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Old 01-05-2013, 10:56 PM   #26
BlazeRex
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Originally Posted by ProfessWRX View Post
Seems like you haven't done a lot of things.

Why don't manual guys slip the clutch on dynos?

How does a dyno calculate torque? Does it use rpm? What happens if the Rpms are not directly connected to the drivetrain rotation?
Lol and you know everything I understand what you are saying, and it applies 100% if you are using a road dyno software. If you're measuring RPM accel vs. time NOT roll speed accel vs. time, slipping the clutch would net big numbers. Usually, like Airboy says, without a rpm pickup, you use a function called "calculate from roll speed" to estimate RPMs. If you're simply measuring torque output without a direct RPM signal to the dyno, slipping the clutch would just drop power, and kill your clutch. I'm not really sure where you're going with this.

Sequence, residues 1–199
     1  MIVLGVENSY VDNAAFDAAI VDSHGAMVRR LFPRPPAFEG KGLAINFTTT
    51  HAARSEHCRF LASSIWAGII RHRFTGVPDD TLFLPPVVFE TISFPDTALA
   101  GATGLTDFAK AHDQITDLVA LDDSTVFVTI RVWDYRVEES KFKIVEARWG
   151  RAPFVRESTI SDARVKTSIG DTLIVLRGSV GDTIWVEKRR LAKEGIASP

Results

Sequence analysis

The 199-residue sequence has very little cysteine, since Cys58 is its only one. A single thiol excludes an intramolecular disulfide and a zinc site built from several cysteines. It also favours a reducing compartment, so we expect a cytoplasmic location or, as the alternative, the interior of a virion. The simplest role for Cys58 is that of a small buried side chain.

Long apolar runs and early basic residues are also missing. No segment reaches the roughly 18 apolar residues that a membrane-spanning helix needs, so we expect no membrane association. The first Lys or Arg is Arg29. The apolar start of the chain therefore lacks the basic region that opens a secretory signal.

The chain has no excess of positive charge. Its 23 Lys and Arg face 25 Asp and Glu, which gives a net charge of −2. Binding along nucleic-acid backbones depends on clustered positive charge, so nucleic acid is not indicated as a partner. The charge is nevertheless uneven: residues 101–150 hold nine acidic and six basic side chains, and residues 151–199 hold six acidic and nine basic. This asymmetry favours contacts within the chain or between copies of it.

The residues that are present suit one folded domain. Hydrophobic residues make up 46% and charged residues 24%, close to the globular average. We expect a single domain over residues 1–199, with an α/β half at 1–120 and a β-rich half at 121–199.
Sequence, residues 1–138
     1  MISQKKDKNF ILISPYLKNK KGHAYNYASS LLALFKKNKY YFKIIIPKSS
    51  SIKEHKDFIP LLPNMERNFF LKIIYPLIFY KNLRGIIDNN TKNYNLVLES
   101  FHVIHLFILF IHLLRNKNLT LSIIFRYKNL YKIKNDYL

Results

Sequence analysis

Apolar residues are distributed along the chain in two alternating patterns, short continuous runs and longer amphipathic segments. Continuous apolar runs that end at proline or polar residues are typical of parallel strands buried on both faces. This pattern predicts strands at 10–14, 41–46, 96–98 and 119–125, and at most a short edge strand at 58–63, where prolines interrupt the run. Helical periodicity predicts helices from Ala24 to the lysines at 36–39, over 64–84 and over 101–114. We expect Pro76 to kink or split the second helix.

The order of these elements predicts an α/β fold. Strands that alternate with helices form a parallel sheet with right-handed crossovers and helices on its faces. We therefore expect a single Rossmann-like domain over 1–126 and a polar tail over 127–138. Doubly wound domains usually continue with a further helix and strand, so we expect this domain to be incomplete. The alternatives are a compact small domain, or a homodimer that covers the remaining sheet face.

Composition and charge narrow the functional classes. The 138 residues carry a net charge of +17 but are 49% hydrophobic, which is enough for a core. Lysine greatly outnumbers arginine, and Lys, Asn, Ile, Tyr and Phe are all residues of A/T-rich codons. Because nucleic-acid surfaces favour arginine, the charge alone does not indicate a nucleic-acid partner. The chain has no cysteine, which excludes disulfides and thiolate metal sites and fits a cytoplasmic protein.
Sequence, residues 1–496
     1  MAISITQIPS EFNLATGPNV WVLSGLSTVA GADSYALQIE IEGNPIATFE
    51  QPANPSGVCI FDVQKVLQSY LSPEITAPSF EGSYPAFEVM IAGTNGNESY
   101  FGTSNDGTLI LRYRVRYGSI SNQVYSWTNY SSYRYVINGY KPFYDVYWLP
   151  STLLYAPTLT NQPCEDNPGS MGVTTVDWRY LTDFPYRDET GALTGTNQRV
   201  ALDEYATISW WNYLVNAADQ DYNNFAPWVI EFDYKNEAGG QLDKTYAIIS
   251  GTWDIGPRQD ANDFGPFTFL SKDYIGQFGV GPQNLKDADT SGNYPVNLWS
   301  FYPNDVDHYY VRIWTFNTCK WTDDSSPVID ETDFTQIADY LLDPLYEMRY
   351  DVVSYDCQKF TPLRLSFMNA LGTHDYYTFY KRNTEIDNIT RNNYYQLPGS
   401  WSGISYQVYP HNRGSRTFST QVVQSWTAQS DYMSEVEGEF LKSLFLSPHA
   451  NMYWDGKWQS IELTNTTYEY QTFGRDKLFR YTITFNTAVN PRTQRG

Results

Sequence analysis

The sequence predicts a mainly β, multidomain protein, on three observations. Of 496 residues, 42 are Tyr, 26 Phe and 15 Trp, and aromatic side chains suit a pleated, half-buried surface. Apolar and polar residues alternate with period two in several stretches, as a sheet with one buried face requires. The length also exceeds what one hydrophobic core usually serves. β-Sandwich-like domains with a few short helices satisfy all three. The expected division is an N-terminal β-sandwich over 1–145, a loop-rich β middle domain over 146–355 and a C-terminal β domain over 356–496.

I can tell you though, the auto has much more torque in the stall speed range than a manual does, whether you want to beleive it or not.
Quote:
Originally Posted by Airboy View Post
The Torque curve, as plotted against engine RPM, is not accurate in the sense that the engine is not actually at the RPM indicated on the chart but I wouldn't go as far as "artificially inflating..." That RPM scale is calculated from the roller speed. As soon as you step on the gas, the engine will speed up to the stall speed and the wheels has to "catch up". The calculated RPM will be less than the actual engine speed.

That being said, the torque curve, as shown, does give an indication of the acceleration that you would feel. Imagine if you were blindfolded and didn't know the car had an automatic, would it feel like a lot of "low end" torque?

I made some plots and stuff that covers this:
http://tinyurl.com/b28nyx6
More or less this is what I was trying to get at. You're just much better at articulating it. I would like to see torque output plotted vs. time, taking RPM out of the equation, and see if it would change the shape of the graph.
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Old 01-05-2013, 11:20 PM   #27
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Originally Posted by BlazeRex View Post